Life is all about beginnings and endings. One of the biggest draws of obstetrics as a medical specialty is the fascination with the birth process as the beginning of life. The other extreme … well, let’s say in this particular place and time in history, it’s still something that catches people unaware. Too often filled with dread and loathing, we approach the death of patients as a foreshadowing of our own. Why else have we as doctors developed the reputation of squaring off with death? Beating him off with tubes and drugs and electricity, “No!” we shriek. “You can’t have this one yet!”
Let me share a secret with you: In spite of EMRs, PBMs, PQRSs, insurance companies, malpractice, legislation, and everything else you hear us bitch and moan about, we doctors care for our patients. And I don’t mean just in the sense of providing them with medical services. We care.
Over the decades, we come to know these people who have entrusted us with their lives. Many of them — for those of us who are especially lucky — we come to think of as friends. Friends who allow us the privilege of joining with them along this journey we call life; friends who trust us to do everything we can to keep them plodding along when its not yet their time, and those who trust us to ease their suffering at the end.
It’s been an interesting few weeks.
Two weeks ago, I got one of the most dreaded calls a doctor can get: My patient had come into the ER as a cardiac arrest. He was the same age as me, and he had simply dropped. No pulse; not breathing. No cardiac history; no medications; no chronic illnesses; no risk factors. Nothing. But his gym had an automatic external defibrillator (AED), a magical machine that delivered jolts of electricity to get his heart started again on the spot. Once. Twice. Five shocks from the AED. Two more from the paramedics, and another in the ER. Clear coronaries on catheterization; but progressed to cardiogenic shock; hypothermia protocol; aspiration pneumonia; transfer to tertiary center; left ventricular assist device. Suffice it to say, things didn’t look good.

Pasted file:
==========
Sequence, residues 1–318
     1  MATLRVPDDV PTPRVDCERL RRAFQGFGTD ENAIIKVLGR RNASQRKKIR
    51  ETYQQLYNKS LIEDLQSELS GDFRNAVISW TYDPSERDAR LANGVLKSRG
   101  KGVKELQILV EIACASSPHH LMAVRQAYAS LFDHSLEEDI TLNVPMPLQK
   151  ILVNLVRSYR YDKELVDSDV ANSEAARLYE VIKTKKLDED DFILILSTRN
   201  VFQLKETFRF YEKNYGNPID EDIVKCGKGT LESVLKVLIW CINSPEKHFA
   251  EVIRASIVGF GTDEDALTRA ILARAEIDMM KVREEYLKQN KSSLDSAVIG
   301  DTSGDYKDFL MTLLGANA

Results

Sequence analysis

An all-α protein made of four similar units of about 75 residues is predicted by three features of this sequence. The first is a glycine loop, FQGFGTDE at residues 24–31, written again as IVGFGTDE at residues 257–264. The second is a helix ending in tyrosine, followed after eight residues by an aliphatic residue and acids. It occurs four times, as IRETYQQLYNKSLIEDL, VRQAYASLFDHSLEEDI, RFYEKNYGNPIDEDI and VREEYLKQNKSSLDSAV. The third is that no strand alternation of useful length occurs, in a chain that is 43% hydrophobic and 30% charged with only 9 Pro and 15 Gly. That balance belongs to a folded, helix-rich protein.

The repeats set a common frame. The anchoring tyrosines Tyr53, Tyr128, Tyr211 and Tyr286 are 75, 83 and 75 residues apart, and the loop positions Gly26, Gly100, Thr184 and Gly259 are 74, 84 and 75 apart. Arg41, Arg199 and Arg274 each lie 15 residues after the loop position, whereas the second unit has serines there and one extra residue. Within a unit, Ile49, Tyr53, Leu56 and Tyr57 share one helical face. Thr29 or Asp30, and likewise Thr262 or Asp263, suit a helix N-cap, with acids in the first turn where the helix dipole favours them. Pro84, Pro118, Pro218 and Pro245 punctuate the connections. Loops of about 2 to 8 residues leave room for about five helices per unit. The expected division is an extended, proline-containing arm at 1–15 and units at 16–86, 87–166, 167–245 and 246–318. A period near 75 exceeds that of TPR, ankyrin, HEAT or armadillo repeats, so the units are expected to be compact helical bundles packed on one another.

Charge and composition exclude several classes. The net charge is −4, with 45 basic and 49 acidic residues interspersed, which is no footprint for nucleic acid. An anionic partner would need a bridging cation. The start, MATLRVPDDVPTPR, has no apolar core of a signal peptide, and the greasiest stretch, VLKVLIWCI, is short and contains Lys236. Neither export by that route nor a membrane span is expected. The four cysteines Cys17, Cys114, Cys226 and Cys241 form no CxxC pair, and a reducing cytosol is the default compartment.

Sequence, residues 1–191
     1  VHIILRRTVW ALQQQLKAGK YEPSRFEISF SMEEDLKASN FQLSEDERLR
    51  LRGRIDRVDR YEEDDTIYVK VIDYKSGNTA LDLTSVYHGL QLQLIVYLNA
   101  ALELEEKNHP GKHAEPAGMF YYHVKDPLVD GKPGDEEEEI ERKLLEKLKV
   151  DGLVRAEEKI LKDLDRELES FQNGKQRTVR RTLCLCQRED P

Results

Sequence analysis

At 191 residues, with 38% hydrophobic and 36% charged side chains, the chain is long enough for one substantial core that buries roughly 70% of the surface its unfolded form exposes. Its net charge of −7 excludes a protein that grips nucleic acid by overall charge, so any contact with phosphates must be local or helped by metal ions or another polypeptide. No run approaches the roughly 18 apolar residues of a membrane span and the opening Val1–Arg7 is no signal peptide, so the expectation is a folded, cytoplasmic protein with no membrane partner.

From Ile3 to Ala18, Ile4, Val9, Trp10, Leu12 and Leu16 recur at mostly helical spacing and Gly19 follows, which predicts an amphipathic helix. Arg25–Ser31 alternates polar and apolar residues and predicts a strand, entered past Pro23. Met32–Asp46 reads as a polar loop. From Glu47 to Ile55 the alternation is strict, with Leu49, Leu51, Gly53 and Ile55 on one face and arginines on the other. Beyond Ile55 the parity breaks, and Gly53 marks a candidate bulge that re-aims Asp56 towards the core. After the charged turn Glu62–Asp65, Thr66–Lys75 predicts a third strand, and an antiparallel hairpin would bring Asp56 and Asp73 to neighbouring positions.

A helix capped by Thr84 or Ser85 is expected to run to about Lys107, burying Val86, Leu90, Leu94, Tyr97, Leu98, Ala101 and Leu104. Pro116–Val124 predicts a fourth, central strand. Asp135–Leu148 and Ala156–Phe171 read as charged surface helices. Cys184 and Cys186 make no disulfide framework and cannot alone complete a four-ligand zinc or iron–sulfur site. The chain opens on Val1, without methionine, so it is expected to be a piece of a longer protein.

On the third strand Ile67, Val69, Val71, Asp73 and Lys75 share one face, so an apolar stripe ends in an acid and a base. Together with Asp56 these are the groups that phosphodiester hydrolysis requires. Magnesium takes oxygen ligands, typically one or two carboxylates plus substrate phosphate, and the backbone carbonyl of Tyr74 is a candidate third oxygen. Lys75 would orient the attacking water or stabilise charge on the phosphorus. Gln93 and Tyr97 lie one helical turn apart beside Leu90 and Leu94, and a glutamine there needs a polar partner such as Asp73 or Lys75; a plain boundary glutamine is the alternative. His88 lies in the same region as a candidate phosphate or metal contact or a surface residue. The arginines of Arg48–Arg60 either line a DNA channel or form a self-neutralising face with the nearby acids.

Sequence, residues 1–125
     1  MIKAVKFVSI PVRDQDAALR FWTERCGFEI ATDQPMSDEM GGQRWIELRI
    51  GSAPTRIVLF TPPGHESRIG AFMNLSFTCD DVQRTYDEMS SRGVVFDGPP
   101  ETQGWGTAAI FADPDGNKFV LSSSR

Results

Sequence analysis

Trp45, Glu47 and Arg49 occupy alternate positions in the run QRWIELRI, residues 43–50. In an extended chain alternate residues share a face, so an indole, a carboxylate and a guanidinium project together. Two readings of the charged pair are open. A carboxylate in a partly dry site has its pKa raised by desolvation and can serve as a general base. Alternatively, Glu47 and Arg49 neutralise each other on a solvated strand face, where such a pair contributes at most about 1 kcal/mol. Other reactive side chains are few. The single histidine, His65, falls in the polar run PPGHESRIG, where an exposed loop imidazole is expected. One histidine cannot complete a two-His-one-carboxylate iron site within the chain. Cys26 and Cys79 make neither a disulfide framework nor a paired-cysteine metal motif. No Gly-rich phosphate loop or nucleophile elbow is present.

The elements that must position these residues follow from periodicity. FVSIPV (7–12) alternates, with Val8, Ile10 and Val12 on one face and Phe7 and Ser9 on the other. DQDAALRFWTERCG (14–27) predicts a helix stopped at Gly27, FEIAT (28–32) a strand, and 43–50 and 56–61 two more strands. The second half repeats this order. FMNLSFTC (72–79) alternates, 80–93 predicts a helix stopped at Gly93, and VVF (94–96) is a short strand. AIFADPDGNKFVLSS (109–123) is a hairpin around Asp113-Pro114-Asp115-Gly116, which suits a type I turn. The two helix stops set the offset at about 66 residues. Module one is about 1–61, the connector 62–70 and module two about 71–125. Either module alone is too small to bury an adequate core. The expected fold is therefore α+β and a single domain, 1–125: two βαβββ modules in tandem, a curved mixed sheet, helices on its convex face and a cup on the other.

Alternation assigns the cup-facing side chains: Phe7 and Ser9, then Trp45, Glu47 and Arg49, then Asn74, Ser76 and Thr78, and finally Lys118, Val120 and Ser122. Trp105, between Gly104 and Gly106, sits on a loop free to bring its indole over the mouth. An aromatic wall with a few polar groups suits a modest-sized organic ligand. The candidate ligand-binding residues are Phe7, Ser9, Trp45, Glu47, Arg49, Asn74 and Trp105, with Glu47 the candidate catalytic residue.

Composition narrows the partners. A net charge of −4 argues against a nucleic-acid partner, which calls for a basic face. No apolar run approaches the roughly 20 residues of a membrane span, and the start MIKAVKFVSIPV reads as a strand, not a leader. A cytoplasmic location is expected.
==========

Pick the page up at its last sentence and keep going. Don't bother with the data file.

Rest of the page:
But it worked.
For all the futile aggressive care we mete out to seemingly hopeless cases, this time it worked. After 10 days, I was talking with him on the phone in a regular hospital room. He was still pretty fuzzy on the details, as you can imagine; try freezing and thawing your brain and see how well it works right away. But it was him. And he’s going to be OK.
At the same time, there’s another patient. (There’s always another patient. No sooner do you hang up the phone and breathe a sigh of relief — then there’s another patient.) Nearing the century mark, he’d begun the revolving-door process of in-and-out hospitalizations for the last several months. CHF, pneumonia, NSTEMI, high-output cardiac failure from anemia; one thing after another. I’d been trying to broach the idea of hospice all along, but now he was wearying. This time he said yes.
I went to see him last week at home. He was having some pain and a little trouble breathing. He was reluctant to use the morphine on hand. I tried to reassure him.
This morning I took several calls from the hospice nurse as she struggled to keep him comfortable. It worked. Later this afternoon, I got the other call.
I’ve spoken before about the futility of discussing outcomes in primary care. Yet this should count as a good one. Passing peacefully without pain or suffering, with loved ones present. In its own way, as miraculous as birth. All that begins must end. A life well-lived; what more can any of us ask?
Lucy Hornstein is a family physician who blogs at Musings of a Dinosaur, and is the author of Declarations of a Dinosaur: 10 Laws I’ve Learned as a Family Doctor.